The vegetation of Cape Town and its surrounds is dominated by fynbos – —shrubby, narrow-leafed plants that are well adapted to the Cape’s Mediterranean climate of wet winters and dry, windy summers.
Fynbos comprises three main groups: proteas, ericas (heaths) and restios (Cape reeds). Fynbos grows on the coarse-grained, low-nutrient acidic sands generally characteristic of the region, extending from the mountain peaks, down hill slopes, across the coastal plains to the seashore — typically in areas prone to summer droughts, constant wind and recurring fires. Fynbos plants are renowned for their ability to regenerate after, or withstand, fire.
Adaptations to these conditions include the extra thick, waterproof layer around the skin of most proteas, which minimises evaporation loss. The silver tree, for example, has a thick layer of hairs that lie flat, protecting the leaf from air circulation and water loss in hot weather. Most ericas have a curled leaf that creates an enclosed micro-habitat from which little moisture is lost, and the leaves of the restios are papery leaf-sheaths that require little hydration.
Other typical species of the Cape region include succulents, which store water in their stems, and geophytes, which store water in their bulbs. Members of the orchid, citrus, pea, carrot, mango and potato families are all widespread, as are daisies; there are over 1 000 daisy species in the fynbos.
Cape Town can’t match South Africa’s best-known spring-flower-viewing region, Namaqualand in the Northern Cape, when it comes to spring flowering splendour, but Cape Town’s daisies — along with delicate orchids, lilies, irises, pelargoniums, proteas, pincushions, conebushes and fields of brightly coloured ericas and restios — put on a pretty impressive display in spring. And it’s worth noting that Namaqualand’s attention-grabbing displays of colour are often dominated by a few common daisy species that are excellent colonisers of disturbed ground, as opposed to the huge variety of flowering species in and around Cape Town!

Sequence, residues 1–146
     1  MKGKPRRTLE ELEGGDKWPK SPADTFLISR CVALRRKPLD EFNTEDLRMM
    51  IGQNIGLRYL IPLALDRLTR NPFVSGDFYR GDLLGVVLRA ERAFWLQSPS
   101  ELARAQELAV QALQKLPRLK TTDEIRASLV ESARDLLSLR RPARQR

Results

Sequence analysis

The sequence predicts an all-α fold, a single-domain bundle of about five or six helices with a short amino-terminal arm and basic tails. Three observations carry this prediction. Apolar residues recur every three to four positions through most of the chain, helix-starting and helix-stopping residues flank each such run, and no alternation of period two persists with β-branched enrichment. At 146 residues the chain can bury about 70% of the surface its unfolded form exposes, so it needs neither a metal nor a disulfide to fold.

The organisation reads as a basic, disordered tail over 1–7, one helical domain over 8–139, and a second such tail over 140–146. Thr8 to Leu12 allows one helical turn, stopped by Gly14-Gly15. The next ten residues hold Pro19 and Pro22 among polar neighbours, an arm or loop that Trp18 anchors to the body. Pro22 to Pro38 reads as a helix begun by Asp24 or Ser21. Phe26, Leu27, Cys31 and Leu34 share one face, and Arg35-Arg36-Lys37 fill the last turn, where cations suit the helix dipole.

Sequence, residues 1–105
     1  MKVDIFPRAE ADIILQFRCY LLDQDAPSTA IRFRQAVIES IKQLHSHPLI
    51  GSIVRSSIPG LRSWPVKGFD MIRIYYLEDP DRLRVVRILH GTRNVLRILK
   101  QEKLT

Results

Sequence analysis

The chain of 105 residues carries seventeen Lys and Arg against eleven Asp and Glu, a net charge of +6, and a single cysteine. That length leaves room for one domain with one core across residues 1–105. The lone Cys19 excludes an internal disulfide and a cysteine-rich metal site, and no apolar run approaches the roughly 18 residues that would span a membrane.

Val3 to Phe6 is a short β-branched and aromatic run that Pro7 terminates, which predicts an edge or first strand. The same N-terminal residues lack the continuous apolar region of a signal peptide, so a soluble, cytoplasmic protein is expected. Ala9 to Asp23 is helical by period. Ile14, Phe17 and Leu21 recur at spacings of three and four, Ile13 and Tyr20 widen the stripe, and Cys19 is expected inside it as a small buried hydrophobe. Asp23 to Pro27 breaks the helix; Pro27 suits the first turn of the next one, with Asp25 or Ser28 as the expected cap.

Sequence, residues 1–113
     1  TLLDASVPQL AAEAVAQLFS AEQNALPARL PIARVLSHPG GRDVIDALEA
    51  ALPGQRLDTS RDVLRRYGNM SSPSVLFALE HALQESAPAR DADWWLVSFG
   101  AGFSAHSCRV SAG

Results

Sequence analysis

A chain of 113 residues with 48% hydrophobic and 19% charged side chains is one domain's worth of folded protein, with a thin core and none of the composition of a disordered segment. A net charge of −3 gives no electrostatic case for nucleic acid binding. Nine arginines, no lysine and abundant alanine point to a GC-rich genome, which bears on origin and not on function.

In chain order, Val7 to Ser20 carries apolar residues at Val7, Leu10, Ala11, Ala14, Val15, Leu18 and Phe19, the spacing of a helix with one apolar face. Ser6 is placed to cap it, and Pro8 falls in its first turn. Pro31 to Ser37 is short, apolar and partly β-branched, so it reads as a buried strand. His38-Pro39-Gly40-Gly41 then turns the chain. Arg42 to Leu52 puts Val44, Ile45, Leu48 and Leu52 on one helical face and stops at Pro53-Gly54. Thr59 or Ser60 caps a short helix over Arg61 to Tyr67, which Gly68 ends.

Fynbos can take many different forms according to soil type, season and incidence of fire. These are named by habitat, for example “mountain fynbos” (the dominant type of fynbos in the Western Cape), or according to a distinctive component, such as “grassy fynbos”.
Fynbos shrubland occurs adjacent to the coast with thicket patches of trees and larger, mainly bird-distributed, shrubs on alkaline, marine sands. On finer, slightly richer soils in the valleys and forelands there is a form of colourful, fine-leaved shrubland known as renosterveld. Renosterveld is rich in daisies and extremely rich in geophytic (bulbous) plant species, although proteas are poorly represented.
While proteas, ericas and geophytes may be absent in certain form of fynbos, restios occur in all the different habitats and are thus the defining plants of fynbos.
Restios are the ultimate fynbos survivors. The tougher the conditions, the more restios will dominate. Edible substances called eliaosomes are attached to their seeds, so when they fall ants take them down to their underground nests and eat the eliaosome as their reward. The fact that the seeds are buried protects them from other predators and fire, after which they germinate.
Fynbos is a mean system; its lack of nutrients means that it supports few bugs, birds and animals, so sightings of endemic fauna are something of a treat. There are only six bird species endemic to fynbos, for example: the Cape sugarbird, orange-breasted sunbird, Cape siskin, Cape rockjumper, Victorin’s warbler and protea seedeater.